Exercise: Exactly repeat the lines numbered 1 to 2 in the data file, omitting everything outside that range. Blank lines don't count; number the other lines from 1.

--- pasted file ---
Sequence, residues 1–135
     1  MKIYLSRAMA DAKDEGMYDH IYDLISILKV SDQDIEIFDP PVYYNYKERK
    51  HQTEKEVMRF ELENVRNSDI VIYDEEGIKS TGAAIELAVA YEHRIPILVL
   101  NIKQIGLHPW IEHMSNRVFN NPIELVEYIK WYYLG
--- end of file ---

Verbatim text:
Sequence, residues 1–135
     1  MKIYLSRAMA DAKDEGMYDH IYDLISILKV SDQDIEIFDP PVYYNYKERK